1. It's not about you.
Rule #1 almost ended my first marriage before it began.
I was twenty-five, a second-year English teacher in a small, northeast Kansas town. I carried my heart on my sleeve and struggled with classroom discipline as many young teachers do. The students, after all, were only seven years younger than me, and many seniors had already kicked me around the previous year as juniors. The slippery slope of taking everything personally called like Homer's sirens.
When they misbehaved, I struggled. I raised my voice. I yelled. I made hollow threats and moved desks, sent students to the office for any provocation, and gave them plenty of ammunition to "stick it" to Mr. Polson. I did everything wrong--especially the amount of their baggage I decided to carry on my back. Everything became personal. Every voice out of compliance slapped me across the face; every touch of disrespect to anyone cut dagger-sharp into my gut.
I had it all wrong.
The truth comes easily after one's eyes open. All classroom discipline problems germinate from anger, frustration, and stress students carry into the room and/or baggage from home or their social lives. In my novice classroom, they translated that stress and baggage into rude comments, insults to me and other students, jeers and foolish acts and just about any other means to push my proverbial buttons, but none of it was personal. Stumbling at both life and teaching, I was the one who took everything personally, but it never started that way.
Back then, I didn't know. I was an easy target who didn't understand one of the most basic principles of living a good life.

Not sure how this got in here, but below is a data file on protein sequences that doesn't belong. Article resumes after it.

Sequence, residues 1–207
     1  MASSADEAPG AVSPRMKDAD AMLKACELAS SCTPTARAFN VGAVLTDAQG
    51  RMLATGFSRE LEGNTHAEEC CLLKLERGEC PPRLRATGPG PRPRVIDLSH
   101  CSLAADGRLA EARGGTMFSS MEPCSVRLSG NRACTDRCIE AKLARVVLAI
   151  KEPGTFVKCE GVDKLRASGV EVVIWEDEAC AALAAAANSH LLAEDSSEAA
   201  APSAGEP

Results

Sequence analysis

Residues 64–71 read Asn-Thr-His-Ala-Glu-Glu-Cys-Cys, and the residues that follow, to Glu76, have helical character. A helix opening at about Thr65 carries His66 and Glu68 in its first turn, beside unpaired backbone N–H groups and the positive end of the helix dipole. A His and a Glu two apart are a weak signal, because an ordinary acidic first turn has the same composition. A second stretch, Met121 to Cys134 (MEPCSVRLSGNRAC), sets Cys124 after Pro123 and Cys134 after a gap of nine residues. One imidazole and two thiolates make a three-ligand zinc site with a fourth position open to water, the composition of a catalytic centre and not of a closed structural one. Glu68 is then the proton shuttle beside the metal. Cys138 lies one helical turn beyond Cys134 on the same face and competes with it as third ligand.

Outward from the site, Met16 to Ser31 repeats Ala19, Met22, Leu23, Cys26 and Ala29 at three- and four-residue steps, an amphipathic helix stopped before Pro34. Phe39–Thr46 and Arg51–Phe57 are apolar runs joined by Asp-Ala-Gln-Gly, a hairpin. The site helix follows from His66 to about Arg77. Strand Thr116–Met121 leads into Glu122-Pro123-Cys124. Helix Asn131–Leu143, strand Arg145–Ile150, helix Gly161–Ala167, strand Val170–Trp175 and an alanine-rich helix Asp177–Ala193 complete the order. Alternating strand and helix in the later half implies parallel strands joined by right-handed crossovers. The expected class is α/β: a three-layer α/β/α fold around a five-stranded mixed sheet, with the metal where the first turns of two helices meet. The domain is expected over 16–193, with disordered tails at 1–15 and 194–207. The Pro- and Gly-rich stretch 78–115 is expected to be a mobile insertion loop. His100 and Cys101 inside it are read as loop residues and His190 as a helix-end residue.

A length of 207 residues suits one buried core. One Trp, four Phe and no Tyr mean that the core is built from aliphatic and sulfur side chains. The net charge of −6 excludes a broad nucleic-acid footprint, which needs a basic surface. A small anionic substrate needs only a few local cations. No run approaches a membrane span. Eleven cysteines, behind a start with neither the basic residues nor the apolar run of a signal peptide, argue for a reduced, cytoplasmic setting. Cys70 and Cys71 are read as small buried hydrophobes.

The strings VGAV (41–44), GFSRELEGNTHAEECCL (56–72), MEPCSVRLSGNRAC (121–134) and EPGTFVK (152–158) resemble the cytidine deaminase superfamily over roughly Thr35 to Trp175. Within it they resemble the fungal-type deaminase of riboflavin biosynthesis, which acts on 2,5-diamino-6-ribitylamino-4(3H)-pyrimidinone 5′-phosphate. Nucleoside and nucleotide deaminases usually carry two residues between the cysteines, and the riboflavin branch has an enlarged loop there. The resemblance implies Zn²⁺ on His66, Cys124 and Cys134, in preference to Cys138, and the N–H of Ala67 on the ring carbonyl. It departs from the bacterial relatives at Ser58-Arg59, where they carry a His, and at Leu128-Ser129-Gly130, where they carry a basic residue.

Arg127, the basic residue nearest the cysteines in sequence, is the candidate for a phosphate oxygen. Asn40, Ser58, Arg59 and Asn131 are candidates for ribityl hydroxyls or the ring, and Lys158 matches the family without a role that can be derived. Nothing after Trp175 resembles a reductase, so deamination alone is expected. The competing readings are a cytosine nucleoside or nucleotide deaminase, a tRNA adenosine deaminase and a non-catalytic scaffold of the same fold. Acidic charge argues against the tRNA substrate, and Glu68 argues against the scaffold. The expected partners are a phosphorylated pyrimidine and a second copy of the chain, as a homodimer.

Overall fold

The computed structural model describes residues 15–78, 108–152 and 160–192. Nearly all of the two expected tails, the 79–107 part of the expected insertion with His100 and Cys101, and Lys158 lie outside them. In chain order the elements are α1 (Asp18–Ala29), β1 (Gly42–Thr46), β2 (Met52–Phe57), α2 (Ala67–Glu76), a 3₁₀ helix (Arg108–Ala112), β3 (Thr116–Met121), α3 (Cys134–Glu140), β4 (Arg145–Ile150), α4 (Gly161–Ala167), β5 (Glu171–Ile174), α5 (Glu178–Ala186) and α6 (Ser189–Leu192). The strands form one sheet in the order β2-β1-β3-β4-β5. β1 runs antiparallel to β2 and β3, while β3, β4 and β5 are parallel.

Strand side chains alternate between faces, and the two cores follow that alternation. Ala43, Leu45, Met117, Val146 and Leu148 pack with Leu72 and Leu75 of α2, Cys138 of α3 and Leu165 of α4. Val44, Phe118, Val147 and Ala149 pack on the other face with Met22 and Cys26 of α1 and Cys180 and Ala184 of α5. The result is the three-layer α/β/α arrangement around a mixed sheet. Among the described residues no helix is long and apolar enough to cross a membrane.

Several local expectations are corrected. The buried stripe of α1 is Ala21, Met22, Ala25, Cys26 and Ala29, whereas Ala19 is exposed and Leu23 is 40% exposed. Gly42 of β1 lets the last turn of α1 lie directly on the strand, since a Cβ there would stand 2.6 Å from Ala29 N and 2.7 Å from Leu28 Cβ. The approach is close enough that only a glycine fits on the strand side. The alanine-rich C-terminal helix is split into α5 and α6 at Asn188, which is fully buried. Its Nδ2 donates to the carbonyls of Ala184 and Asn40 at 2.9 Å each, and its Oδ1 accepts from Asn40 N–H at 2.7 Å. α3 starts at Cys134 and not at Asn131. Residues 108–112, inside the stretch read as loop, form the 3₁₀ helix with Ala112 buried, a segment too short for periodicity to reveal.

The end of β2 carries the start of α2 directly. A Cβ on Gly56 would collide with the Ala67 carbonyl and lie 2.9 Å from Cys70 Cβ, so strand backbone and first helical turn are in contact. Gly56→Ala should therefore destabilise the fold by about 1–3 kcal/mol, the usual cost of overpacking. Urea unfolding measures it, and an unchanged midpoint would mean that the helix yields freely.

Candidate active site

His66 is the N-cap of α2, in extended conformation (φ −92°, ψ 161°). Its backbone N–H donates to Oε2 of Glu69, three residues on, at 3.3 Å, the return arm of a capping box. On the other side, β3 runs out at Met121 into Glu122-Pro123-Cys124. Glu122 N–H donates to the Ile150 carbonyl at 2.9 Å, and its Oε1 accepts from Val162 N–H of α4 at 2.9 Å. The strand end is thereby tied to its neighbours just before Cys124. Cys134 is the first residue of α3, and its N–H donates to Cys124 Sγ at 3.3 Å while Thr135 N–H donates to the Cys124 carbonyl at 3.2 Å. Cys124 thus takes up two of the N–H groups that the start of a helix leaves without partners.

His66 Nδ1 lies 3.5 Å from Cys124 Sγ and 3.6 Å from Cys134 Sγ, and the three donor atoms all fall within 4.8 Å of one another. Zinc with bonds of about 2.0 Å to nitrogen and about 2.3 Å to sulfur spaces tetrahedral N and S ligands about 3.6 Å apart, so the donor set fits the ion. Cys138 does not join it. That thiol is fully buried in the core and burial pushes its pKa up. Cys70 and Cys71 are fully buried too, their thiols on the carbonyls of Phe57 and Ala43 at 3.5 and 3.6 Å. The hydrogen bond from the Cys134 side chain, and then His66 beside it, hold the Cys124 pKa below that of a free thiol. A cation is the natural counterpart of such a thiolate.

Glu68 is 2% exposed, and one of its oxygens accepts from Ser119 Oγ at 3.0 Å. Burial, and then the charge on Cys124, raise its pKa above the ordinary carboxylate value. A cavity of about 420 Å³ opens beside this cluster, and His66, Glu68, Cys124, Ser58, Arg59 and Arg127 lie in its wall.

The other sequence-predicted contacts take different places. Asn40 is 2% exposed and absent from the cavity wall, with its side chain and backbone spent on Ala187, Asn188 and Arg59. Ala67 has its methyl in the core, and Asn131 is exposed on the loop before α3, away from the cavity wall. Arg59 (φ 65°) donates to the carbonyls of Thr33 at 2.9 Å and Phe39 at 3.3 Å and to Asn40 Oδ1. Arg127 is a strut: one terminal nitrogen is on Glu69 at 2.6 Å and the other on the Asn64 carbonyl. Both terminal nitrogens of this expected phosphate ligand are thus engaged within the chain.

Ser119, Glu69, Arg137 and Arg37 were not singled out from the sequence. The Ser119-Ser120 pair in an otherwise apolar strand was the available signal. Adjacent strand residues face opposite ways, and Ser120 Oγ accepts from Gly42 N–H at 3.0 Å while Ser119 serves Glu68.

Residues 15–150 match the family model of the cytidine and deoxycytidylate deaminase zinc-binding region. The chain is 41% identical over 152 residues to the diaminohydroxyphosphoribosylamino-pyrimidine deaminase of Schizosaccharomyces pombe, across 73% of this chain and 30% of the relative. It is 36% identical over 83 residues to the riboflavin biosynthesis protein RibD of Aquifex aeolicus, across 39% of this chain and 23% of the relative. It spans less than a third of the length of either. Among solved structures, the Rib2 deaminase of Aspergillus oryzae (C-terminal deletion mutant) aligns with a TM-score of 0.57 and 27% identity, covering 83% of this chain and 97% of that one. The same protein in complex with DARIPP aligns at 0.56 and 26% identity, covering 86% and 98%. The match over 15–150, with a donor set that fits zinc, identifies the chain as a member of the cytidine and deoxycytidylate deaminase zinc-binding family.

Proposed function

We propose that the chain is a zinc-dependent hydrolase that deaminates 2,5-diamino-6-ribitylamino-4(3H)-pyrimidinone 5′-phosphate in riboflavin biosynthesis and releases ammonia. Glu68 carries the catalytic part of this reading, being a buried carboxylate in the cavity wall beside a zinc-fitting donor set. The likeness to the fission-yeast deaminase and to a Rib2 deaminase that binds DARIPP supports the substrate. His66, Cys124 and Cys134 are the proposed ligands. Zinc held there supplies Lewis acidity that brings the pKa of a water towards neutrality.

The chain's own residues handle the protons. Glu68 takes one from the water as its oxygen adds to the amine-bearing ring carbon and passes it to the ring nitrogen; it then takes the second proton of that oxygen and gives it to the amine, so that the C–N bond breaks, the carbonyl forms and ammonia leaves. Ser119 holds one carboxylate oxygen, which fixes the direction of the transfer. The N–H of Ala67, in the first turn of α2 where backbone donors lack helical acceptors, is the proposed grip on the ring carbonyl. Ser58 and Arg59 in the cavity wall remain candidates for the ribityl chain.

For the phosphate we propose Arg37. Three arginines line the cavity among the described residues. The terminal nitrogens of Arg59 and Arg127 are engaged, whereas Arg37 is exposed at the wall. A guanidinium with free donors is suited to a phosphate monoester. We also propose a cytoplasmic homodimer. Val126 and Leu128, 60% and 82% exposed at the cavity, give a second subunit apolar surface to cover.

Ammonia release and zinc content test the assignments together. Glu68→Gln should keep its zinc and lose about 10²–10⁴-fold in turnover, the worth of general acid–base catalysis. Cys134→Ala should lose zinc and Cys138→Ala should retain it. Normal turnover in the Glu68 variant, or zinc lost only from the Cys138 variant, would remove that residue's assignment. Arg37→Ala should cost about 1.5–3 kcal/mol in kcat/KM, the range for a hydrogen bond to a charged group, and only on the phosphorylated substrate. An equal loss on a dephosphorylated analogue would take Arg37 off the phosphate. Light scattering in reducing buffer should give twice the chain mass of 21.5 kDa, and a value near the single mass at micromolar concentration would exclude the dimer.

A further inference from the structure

I carried my frustration home and dumped all that inherited baggage on my fiance, Aimee. One day, she'd had enough. We went for a walk in a small, local arboretum, moonlight and stars playing on a pond. There, in the November chill with black lines of trees looking on, she gave me the ultimatum.
"Stop complaining about the students' behavior. Do something about it, but stop complaining. I don't want to marry someone who carries all their stuff home. It's not personal, you know."
I still remember those words. They crystallized in my brain. They tore at my heart. I'd already had one failed engagement, and now I felt the edge of this one slip beneath my feet. She hadn't uttered the sacred mantra of Rule #1, but her words came close. The meaning was there.
She could have easily said it: It's not about you.
Working on my classroom structure would take time. I couldn't fix student behavior or classroom environment overnight. But something did change inside me. Motivated by fear or love or a little of both, I sloughed away the baggage my students brought to class. No matter how wicked those students, their misbehaving really wasn't about me personally. A switch had been thrown deep inside and I would never be the same again in the classroom. Angry commands melted into patience and empathy. Demanding what I wanted morphed into quietly but consistently waiting for students to demonstrate compliance with my requests. Classroom expectations became clear. Over the years, it became easier for all of us, students and teacher alike.
It would be another eight years before Rule #1 formally came into my life, but I'd learned a lesson and learned it well.
Aimee and I were married the following summer, and Rule #1 helped me through the darkest parts of the journey ahead.